Smartphone photography with Philly Mohlala: Get your photography game up using these tips

You may not always need an expensive camera to get good high quality images but you do need to have good photographing skills. It’s not always your phone that’s not up to speed, sometimes your skills are not polished enough. Your smartphone is capable of a lot more than you’re aware of and when used the right way it can produce great looking images. We asked photographer Philly Mohlala for tips on optimising smartphone photography – familiarise yourself with them and you’ll be well on your way to snapping like a pro.


Q: Why is it better to avoid zooming in?

A: Zooming in will compromise your quality, something we can’t afford to compromise now

Q: Why is it important to use gridlines?

A: Composition is everything, gridline are there to assist you to get that right.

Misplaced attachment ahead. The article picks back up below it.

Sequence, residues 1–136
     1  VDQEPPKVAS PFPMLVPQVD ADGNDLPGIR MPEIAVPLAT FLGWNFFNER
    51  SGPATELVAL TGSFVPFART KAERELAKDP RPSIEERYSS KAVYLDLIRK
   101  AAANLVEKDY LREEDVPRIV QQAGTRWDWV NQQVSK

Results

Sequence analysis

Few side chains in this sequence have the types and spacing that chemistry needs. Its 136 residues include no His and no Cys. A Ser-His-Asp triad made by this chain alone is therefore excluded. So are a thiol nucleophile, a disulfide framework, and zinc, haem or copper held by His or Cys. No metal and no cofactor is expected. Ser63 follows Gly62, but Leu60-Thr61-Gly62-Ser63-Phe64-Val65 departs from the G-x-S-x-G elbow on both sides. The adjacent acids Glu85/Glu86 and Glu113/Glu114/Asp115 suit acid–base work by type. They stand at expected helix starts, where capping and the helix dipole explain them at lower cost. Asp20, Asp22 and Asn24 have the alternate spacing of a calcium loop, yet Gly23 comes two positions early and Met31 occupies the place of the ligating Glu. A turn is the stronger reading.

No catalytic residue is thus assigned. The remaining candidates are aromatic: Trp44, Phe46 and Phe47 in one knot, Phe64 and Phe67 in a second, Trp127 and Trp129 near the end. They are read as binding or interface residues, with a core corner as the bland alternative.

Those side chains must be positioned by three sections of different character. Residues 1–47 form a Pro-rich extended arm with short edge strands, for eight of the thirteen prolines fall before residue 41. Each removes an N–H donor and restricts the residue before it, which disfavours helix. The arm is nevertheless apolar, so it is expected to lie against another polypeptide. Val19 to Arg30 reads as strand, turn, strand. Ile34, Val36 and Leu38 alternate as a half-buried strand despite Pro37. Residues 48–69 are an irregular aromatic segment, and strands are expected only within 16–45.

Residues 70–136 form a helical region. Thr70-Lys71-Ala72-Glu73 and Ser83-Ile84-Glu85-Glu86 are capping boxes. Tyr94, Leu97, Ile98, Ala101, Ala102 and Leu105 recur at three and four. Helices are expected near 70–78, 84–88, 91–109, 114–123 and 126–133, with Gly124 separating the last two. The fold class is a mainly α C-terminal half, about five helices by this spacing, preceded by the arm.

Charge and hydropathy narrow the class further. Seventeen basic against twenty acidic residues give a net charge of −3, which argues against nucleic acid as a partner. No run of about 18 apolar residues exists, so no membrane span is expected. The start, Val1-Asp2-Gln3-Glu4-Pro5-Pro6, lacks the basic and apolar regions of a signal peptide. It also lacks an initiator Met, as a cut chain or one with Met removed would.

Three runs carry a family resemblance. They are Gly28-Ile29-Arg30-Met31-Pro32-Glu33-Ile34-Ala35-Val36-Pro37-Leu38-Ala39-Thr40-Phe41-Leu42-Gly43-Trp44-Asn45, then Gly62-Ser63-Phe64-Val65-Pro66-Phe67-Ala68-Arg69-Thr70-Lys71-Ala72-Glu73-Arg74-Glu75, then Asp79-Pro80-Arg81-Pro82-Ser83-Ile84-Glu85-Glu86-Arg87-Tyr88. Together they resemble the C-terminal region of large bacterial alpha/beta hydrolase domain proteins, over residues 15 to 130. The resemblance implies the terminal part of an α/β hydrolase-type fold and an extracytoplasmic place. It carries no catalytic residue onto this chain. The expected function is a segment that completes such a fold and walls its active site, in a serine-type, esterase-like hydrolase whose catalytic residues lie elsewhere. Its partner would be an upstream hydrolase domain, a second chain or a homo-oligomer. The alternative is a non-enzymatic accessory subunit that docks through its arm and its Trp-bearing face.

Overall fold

Q: What’s the best way to get symmetry?

A: Whatever you do, make it interesting. My best symmetry is Asymmetry.

Q: What does symmetry do for a photograph?

A: It gives the image more depth and makes it more visually appealing.

Cellphone settings

Q: People don’t always have their cellphones on the right setting for the right conditions, e.g. mood and lighting.

A: First thing first, clean you camera! The rest will fall into place.

Q: How would you suggest they play around with the settings?

A: The darker the images, more interesting they are.

Positioning objects

Q: What does negative space do for an image?

A: Negative space is everything. Give your subject matter some space to breathe.

Q: Why is taking images from above and below more interesting instead of always taking them straight on important?

A: It really depends on what it is that you are photographing, that doesn’t always work for everything.


Q: What’s the best time to get good natural lighting?

A: The sun should be your best friend! As long as the sun is out, snap that snap!

Q: What to do when you don’t have good lighting?

A: Rely on the editing apps.


Q: What are the different ways to photograph colour e.g. colour blocking, contrasting colours and colours that complement each other?

A: Before you jump into it, know your colour wheel, it will help.

Instagram: Philly_Mohlala

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